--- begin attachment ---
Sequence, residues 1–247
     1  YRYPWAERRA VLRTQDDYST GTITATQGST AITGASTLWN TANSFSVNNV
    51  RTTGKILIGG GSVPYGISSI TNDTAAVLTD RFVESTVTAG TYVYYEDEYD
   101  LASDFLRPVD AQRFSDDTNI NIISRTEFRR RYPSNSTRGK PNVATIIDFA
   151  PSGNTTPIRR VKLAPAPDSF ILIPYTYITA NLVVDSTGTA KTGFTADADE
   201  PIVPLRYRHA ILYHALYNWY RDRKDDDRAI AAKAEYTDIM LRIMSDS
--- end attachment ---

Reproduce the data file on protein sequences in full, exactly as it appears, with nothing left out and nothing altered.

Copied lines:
Sequence, residues 1–247
     1  YRYPWAERRA VLRTQDDYST GTITATQGST AITGASTLWN TANSFSVNNV
    51  RTTGKILIGG GSVPYGISSI TNDTAAVLTD RFVESTVTAG TYVYYEDEYD
   101  LASDFLRPVD AQRFSDDTNI NIISRTEFRR RYPSNSTRGK PNVATIIDFA
   151  PSGNTTPIRR VKLAPAPDSF ILIPYTYITA NLVVDSTGTA KTGFTADADE
   201  PIVPLRYRHA ILYHALYNWY RDRKDDDRAI AAKAEYTDIM LRIMSDS